Recorded Statement Admitted In Custody Proceeding – Rule 403, Ala. R. Evid.


Cantrell v. Cantrell, [Ms. 2200590, May 6, 2022] __ So. 3d __ (Ala. Civ. App. 2022). In a per curiam opinion, the court (Moore, Edwards, and Fridy, JJ., concur in the result, without opinions; Thompson, P.J., concurs in part and dissents in part, with opinion, which Hanson, J., joins) affirms the Winston Circuit Court’s admission into evidence in a child custody case of the father’s video recorded statement with law enforcement officials. In the criminal case against the father on charges of rape and sodomy of a fifteen-year-old girl, the recorded statement was suppressed because of Miranda violations, and the criminal charges against the father were dismissed with prejudice. Ms. **15, 35.

The court first explains “the dismissal of the criminal charges was not based on a finding that the father was not guilty beyond a reasonable doubt of the alleged misconduct with a child and because the burden of proof in a civil action – a preponderance of the evidence – is less than the burden of proof in a criminal trial, the trial court did not exceed its discretion by admitting evidence regarding the criminal charges against the father and his alleged conduct underlying those charges.” Ms. *49. The court notes that “the father’s video-recorded statement ... constituted a declaration against interest ... and the fact that the court had suppressed the statement in the criminal proceeding did not impact its admissibility in this action.” Ms. *54.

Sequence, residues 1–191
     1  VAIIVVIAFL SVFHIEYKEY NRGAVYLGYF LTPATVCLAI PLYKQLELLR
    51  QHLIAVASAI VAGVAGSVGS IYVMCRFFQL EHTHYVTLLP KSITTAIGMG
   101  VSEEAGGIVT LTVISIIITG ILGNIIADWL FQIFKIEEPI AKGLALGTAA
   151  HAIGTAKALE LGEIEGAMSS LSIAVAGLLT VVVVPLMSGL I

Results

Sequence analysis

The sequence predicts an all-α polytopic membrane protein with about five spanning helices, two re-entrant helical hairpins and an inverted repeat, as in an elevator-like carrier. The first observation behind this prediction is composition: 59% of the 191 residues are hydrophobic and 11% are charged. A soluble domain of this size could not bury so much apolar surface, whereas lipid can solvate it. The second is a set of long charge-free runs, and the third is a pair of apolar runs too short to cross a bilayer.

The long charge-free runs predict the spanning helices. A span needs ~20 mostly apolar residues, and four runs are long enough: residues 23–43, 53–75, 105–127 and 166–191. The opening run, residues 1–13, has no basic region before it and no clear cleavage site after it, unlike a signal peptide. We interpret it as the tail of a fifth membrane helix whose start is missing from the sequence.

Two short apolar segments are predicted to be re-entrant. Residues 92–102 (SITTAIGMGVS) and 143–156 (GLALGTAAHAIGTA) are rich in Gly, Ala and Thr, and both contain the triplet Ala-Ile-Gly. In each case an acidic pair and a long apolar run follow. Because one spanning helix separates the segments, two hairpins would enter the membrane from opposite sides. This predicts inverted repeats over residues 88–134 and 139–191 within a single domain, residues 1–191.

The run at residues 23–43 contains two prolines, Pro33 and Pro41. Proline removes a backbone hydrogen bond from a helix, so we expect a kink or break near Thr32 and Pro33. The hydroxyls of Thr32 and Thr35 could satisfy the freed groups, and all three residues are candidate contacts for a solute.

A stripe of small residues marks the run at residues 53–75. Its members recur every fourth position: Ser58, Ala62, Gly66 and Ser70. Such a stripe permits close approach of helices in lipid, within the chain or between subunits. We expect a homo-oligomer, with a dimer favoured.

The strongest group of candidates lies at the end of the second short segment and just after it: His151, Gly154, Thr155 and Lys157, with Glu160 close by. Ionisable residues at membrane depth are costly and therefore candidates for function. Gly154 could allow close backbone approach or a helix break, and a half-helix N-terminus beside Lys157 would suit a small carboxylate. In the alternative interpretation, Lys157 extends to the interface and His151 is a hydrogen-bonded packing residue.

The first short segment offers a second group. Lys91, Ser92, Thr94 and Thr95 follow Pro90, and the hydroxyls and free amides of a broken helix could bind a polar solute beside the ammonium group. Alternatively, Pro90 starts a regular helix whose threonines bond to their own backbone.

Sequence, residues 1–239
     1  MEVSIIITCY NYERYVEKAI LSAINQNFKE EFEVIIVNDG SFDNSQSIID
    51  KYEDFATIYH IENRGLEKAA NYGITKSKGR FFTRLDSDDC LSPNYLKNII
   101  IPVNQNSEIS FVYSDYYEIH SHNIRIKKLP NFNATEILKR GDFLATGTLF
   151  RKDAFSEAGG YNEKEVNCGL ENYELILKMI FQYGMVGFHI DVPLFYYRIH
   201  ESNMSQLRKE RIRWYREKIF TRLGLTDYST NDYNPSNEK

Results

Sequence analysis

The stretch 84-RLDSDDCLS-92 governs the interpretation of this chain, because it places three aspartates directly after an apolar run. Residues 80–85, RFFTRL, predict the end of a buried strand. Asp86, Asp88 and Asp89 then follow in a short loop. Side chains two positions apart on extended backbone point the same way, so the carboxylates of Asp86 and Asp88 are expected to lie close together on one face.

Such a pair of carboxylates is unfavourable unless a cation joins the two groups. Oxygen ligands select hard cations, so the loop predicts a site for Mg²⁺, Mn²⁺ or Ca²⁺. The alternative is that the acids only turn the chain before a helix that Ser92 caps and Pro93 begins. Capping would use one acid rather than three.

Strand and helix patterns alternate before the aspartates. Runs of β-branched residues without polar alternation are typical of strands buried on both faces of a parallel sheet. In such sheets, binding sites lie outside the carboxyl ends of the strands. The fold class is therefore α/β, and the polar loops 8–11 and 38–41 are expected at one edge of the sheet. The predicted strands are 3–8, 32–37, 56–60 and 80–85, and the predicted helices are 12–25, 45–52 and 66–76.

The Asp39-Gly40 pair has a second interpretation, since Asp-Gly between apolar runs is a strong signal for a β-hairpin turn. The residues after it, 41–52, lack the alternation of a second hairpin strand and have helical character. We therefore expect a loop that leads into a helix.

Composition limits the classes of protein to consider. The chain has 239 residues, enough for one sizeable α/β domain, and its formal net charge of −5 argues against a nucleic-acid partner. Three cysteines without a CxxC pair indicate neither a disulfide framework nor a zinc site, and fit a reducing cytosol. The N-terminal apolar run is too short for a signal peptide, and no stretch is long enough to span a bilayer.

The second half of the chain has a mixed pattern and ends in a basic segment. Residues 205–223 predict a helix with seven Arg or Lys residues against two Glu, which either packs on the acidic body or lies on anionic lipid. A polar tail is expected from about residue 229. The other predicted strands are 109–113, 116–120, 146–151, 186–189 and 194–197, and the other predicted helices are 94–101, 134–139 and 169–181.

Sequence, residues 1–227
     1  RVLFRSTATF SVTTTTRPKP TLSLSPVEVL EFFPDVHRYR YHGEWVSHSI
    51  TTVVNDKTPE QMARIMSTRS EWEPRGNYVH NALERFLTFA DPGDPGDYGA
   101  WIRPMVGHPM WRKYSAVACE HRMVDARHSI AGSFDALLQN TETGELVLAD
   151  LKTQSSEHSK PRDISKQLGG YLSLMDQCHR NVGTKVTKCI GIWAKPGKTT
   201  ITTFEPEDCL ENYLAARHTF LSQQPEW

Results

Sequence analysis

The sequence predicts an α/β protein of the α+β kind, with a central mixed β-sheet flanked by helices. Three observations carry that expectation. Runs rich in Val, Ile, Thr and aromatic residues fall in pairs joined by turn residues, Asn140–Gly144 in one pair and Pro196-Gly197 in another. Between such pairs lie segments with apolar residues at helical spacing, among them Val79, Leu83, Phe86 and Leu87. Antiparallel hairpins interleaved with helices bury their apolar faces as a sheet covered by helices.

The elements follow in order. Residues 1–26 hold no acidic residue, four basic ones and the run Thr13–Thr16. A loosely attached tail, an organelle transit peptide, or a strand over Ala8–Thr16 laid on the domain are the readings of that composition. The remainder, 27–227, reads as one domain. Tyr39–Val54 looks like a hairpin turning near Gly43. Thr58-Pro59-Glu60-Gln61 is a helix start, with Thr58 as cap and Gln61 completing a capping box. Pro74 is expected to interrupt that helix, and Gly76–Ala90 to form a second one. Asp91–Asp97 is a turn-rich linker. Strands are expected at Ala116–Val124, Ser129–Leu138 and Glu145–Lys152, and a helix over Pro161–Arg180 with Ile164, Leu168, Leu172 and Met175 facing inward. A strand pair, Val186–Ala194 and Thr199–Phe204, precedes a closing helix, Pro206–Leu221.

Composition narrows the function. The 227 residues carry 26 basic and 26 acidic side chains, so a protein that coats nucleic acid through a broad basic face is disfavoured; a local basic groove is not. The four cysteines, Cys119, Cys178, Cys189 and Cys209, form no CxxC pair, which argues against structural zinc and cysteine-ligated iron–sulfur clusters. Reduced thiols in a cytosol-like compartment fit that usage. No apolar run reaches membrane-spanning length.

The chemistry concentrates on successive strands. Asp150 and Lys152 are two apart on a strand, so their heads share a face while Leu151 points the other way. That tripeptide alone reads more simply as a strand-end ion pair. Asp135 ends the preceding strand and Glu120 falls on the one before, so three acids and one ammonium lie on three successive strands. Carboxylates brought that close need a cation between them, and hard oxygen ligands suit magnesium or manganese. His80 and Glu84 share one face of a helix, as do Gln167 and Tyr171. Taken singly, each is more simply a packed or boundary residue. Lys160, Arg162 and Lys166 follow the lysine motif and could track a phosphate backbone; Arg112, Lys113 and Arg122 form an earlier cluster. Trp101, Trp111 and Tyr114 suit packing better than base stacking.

Finally, the court rejects the father’s argument and relying on Rule 403, Ala. R. Evid., and explains

Evidence of the father’s alleged prior conduct did not influence the trier of fact to make its decision on an improper basis. The trial court was charged with determining the best interests of the child. The father’s argument that the criminal charges against him, which were based on conduct unrelated to the child, should not have been the basis of the trial court’s determination regarding the father’s visitation overlooks the fact that the character of the father and the influence that he has on the child are key factors in determining whether visitation is in the best interests of the child. Thus, the father’s prior conduct with regard to other children was relevant to that determination.

Ms. *57, citing Ex parte Vincent, 770 So. 2d 92 (Ala. 1999) for proposition that prejudice is “unfair” under Rule 403 if it has an undue tendency to suggest decision on an improper basis.

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